Ulysses, from the Lonesome Road DLC, invites the Courier to the Divide so he can deliver a massive What the Hell, Hero? about how actions can have unforeseen consequences (A package the courier delivered to the Divide detonated the nukes that were stored there and completely wrecked the place). But playing through the other three DLC will show that Ulysses himself has caused plenty of chaos throughout the Wasteland, often as an indirect consequence of his actions: He led the White Legs during the sacking of New Canaan, which was just as prosperous as the town the Courier accidentally destroyed, and he trained them and gave them machine guns, allowing them to become the major antagonists of Honest Hearts. He almost released the Think-Tank from their imprisonment in Big MT by asking them an Armor-Piercing Question. And he told Elijah the location of the Sierra Madre, setting in motion the events of Dead Money, which results in dozens of people getting kidnapped and murdered and the entire continent nearly being drowned under poison gas as part of Elijah's plan. Unfortunately, since the DLC aren't programmed to interact with each other, there's no way to call him out on this.
Elijah is a huge example in Dead Money. For example, he'll talk down to you for using a Pip-Boy, saying that it dulls your brain... but you can clearly see him using a Pip-Boy himself. He expresses amazement at how many people he's been forced to kill because they let their greed for the Sierra Madre's treasure get the better of them and compromised his plans, not realising that he's suffering the same obsession as they were.
He also criticizes his previous captives for trying to take advantage of each other and killing each other when they've outlived their usefulness, necessitating the linked collars, yet once you get into the Villa, he suggests you kill off your now useless team. And once you open the Vault (unless you're evil and make a deal with him) he'll come down to kill you himself.
Salt-Upon-Wounds, leader of the White Legs from Honest Hearts, says that he and his tribe are are honorable and strong warriors, but he'll beg for mercy if Joshua Graham shows up, kills all his warriors, and holds him at gunpoint. Even worse, he says that Joshua Graham is crazy because "he kill all White Legs", even though Salt-Upon-Wounds ordered the slaughter of every man, woman, and child in New Canaan- Joshua Graham's hometown.
Fate/stay night - Saber, who is basically female Shirou with less delusions, as a heroic example. Archer is the one to call her out on her treatment of Shirou's ideal by pointing out that her wish is the same as his only 'more so.' Tohsaka also realizes she cannot really lecture Shirou anymore when she finds herself making the same kinds of choices and is unable to kill Sakura, despite the cold pragmatic value that doing so would have.
In Final Fantasy X the Church of Yevon preaches that all machina (advanced technology) is blasphemous and the reason for Sin's existence. Yet they have no compunctions with using machina weapons themselves. Learning this while exploring the church headquarters in Bevelle is essentially the final straw that causes the party to lose all faith in the church.
Wakka: These machines are abominations against Yevon!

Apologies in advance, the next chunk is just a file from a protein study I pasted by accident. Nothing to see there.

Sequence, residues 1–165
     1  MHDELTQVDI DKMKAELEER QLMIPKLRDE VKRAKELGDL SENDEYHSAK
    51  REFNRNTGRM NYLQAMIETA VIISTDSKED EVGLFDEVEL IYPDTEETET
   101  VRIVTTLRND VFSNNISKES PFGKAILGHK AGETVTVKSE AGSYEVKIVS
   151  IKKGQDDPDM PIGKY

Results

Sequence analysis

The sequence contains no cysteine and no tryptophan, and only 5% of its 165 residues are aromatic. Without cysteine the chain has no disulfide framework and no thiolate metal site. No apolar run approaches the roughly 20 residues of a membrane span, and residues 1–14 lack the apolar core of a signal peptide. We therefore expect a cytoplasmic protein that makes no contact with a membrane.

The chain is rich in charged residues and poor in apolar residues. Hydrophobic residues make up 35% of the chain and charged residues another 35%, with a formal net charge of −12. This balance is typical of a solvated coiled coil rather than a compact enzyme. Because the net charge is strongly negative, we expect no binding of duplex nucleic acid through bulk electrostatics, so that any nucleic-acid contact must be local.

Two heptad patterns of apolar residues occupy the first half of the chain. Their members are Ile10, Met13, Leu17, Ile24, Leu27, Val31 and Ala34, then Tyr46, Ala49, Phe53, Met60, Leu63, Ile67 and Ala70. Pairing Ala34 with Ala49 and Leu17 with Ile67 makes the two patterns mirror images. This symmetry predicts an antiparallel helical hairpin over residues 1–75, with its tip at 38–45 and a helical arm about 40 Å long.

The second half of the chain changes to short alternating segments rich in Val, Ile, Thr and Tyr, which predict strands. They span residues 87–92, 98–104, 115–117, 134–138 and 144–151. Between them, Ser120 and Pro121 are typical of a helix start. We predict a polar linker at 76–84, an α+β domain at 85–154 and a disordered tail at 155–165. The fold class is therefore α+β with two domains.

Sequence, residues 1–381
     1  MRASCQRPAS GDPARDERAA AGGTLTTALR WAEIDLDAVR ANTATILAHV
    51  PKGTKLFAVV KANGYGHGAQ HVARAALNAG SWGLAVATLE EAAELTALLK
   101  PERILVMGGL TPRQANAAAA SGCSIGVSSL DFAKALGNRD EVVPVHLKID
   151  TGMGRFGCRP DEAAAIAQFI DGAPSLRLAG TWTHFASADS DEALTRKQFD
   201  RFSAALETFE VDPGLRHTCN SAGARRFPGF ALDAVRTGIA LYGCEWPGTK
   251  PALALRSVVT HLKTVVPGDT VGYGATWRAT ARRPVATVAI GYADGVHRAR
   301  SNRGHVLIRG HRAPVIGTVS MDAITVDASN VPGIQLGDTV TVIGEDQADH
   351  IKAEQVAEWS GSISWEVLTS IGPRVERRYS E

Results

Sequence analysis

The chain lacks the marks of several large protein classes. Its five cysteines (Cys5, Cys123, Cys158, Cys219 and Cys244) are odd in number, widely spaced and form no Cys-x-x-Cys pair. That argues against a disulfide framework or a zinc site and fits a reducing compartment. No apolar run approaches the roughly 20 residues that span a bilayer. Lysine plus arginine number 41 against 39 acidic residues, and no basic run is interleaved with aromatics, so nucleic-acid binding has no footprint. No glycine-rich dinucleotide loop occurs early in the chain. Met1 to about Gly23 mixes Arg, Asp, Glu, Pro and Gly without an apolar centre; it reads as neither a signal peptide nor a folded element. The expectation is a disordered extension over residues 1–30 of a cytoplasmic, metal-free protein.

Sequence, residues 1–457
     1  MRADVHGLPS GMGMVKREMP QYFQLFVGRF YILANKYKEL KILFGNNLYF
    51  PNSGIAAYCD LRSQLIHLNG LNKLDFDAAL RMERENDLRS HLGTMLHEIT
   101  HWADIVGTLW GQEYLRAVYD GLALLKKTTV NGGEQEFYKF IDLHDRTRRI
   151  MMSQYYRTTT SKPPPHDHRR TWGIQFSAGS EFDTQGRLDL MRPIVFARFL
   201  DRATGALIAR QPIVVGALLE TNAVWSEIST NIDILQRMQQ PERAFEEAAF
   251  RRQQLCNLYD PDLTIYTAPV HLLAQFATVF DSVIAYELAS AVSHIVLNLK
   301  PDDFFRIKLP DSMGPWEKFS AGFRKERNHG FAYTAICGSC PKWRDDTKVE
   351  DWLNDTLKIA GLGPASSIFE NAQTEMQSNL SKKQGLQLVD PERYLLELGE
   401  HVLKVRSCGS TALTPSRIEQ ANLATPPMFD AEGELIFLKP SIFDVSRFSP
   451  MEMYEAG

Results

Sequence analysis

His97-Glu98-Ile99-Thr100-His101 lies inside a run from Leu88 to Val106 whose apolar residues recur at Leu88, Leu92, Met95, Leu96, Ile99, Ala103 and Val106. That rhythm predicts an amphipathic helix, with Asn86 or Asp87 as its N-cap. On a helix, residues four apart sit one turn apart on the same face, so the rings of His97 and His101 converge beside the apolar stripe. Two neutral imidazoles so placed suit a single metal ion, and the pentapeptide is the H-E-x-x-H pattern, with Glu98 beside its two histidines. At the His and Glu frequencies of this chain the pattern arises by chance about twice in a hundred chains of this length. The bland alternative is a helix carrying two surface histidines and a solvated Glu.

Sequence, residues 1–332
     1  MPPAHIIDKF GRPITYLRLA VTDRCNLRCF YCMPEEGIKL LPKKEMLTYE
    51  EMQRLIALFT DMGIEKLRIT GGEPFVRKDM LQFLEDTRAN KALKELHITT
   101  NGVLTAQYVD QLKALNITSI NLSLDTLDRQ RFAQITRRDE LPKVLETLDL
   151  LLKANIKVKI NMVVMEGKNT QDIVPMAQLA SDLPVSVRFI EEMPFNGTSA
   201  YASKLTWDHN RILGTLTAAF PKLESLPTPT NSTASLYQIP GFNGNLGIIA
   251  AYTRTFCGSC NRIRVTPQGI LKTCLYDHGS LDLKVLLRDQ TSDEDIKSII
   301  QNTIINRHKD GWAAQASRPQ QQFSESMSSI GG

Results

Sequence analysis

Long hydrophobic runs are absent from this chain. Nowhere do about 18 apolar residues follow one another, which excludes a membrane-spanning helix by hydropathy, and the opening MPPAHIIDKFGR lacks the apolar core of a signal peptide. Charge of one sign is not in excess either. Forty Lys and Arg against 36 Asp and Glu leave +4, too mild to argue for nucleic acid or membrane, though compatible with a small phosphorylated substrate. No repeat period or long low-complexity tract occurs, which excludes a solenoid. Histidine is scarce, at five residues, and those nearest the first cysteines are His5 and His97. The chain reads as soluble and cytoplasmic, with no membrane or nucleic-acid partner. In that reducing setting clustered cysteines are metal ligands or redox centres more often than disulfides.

Seymour: Then pretend you didn't see them.
Wakka: ...That's not something a maester would say!
Francis McReary from Grand Theft Auto IV the Deputy Police Commissioner of Liberty City, who honestly believes that his status and position automatically make him a morally just person and acquits him of any crimes that he commits. You quickly see past this facade when he orders you to gun down people by the dozens in order to hide his corruption and more importantly, when he orders you to gun down his own brother to save his career.
Grand Theft Auto V: Michael and Trevor. Michael is a backstabber who criticizes other backstabbers (a gold digger who gave him ten bucks and an autograph for cleaning up her sabotage of her husband's vehicle, and his psychiatrist for ratting him out after getting paid in the hundreds of thousands), and Trevor criticizes Michael for his betrayal of friendship, even after brutally killing his best friend's cousin and said cousin's fiancee for pissing him off, and selling people to a cult. Neither of them are very morally conflicted about this, as seen in this exchange.
Trevor: Jesus, your therapist has a lot to answer for.
Michael: I know, I still hate myself. But hey, at least I know the words for it now.
Trevor: Yeah, but I hate you, and I know the words for it, so does that mean I don't have to go to therapy-
Franklin: Hey, look, you two motherfuckers terrify me of that middle-age.
The Ascalonians of Guild Wars, and particularly Gwen, decry the Charr for destroying their country and killing most of them. Unfortunately, they then go on to try to commit genocide against the Charr. Since the RPG elements of Guild Wars Nightfall are gone by EotN, the player has no real choice but to go along with it.
The Charr in Guild Wars 2 have their fair share of hypocrisy. They refer to the humans as cowardly and dishonorable for using artifacts like the Foefire and Stormcaller to rain magic down upon the Charr, but then turn around and praise the Searing despite it doing the same thing. Furthermore, the Charr like to rub it in the other races' (particularly the humans') faces about how they retook their ancestral homeland and have no need for gods. All the while, they conveniently forget that the Searing, which is largely what allowed them to conquer Ascalon in the first place, was the work of the now hated Flame Legion and the false gods they worshiped.